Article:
The movement is hurting the people it was meant to help
The mother of all social trends in recent years has been dispersion. Contrary to what people hoped or feared about the sexual revolution turning everyone into “girlymen”, as Arnold Schwarzenegger once put it, some men and women have become more gender-neutral, while many others have gone the other way; either spending vast amounts of time and money on beauty products to accentuate their femininity or hitting the weights (and steroids) to resemble Khal Drogo. Far more men take testosterone supplements – by some distance – than transition or identify as gender fluid.
The same is true with almost every lifestyle trend, even politics; in the late 90s commentators wrote that the major US parties were converging and educated people were coming to develop bland, middle-of-the-road views, yet the opposite has happened. Among those with degrees, people tend to move into niches that are increasingly extreme and divorced from mainstream opinion — which is pretty much what you’d expect from a society with greater freedom and less conformism. (And with assortative mating, our personalities are most likely becoming more divergent and extreme even on a genetic level.)
Crime is another example of dispersion. It is now known that the American murder rate increased sharply following the George Floyd protests, with an extra 2,000 homicides associated with the June 2020 protests, on top of the several thousand already linked with BLM and its influence.
Yet compared to the 1965-1990 US crime wave, this time the murder surge is highly dispersed, with a huge increase in the most dangerous areas but almost no change in the safest.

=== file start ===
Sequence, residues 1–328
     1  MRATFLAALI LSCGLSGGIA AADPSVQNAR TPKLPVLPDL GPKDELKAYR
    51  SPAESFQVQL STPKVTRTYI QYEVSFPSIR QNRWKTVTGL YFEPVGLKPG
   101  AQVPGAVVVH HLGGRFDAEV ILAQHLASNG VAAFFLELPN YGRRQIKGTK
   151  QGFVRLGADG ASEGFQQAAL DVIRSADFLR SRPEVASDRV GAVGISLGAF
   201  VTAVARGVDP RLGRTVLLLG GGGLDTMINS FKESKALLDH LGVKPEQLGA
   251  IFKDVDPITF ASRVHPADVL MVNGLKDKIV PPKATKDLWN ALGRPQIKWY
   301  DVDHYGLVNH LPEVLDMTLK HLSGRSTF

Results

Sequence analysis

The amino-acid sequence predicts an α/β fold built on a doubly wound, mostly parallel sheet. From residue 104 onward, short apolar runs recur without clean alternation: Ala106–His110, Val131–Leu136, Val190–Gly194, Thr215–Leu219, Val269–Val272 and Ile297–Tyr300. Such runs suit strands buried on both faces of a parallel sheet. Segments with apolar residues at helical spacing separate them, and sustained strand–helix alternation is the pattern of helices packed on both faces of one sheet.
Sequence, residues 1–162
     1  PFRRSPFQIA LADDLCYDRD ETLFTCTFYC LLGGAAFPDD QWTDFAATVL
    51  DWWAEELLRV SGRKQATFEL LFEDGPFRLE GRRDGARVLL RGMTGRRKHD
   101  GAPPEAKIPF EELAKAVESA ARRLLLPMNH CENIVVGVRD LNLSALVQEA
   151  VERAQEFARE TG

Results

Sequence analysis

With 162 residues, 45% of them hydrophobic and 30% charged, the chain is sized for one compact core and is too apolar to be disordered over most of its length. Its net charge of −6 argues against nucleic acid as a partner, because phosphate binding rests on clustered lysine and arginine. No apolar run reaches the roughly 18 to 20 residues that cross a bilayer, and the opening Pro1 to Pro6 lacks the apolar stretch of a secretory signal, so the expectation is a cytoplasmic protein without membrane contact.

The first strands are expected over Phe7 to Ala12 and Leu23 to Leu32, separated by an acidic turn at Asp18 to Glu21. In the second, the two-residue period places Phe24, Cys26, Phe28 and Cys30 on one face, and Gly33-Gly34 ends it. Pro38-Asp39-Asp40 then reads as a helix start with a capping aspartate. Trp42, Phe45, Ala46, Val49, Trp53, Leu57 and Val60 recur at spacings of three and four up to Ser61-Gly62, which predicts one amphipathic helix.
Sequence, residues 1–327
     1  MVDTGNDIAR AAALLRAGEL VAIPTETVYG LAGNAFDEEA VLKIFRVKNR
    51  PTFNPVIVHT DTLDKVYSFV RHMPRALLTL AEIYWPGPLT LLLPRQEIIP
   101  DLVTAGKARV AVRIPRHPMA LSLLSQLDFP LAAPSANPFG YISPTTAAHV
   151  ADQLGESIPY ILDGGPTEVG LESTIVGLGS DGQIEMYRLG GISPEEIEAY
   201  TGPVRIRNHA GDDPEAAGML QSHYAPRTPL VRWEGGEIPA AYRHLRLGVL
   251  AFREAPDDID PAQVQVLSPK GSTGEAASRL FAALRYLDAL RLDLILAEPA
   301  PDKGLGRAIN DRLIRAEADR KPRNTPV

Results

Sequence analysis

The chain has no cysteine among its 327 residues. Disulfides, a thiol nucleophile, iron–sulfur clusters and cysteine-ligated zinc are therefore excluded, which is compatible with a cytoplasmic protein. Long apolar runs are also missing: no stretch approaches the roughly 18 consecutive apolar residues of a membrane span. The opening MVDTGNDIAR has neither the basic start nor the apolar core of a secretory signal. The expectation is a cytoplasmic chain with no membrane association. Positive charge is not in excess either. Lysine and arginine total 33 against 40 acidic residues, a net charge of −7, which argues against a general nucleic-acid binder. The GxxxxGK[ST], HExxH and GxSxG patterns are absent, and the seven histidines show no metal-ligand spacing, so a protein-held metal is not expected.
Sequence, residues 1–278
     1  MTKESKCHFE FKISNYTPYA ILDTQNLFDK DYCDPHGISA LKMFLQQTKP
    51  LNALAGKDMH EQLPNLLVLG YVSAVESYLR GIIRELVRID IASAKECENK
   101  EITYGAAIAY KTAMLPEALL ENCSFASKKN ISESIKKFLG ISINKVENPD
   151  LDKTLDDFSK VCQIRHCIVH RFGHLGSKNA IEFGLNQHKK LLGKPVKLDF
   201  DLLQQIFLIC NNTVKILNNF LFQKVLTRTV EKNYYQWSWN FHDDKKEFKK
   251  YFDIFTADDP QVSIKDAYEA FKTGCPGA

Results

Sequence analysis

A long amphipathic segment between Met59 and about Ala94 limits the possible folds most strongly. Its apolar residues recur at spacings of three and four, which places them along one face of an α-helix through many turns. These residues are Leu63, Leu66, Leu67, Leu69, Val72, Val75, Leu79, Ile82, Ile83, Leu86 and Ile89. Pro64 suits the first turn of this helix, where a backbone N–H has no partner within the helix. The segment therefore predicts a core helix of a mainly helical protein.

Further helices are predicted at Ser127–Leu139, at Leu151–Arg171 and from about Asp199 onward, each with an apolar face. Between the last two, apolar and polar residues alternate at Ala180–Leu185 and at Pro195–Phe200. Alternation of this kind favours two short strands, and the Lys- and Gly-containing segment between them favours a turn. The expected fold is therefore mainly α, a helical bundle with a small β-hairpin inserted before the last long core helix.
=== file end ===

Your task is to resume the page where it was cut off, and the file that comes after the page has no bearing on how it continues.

Wealthy Americans are often accused of “talking the 60s, walking the 50s” and the very nature of dispersion means that they can pretty much talk as much as they like and be immune to the negative consequences.
This is why “defund the police” was the ideal example of what Robert Henderson called luxury beliefs: “ideas and opinions that confer status on the rich at very little cost, while taking a toll on the lower class.”
Urban America is incredibly violent by the standards of the developed world, and any reduction in policing is going to have extreme and terrible consequences, almost all of which will disproportionately fall on the poor and black people. Many of these murders involve seemingly minor disputes over the real issue of status, while in a different universe the debate over race is a dispute over status between white people.
Few political movements in recent years have been more closely associated with such catastrophic consequences for those it claims to represent as BLM. No cause has received such widespread support from above, to such an extent that it’s still plastered across our screens even as we try watch the football.
But that’s the nature of dispersion; people might live in the same city or the same borough, and yet inhabit an entirely different worlds.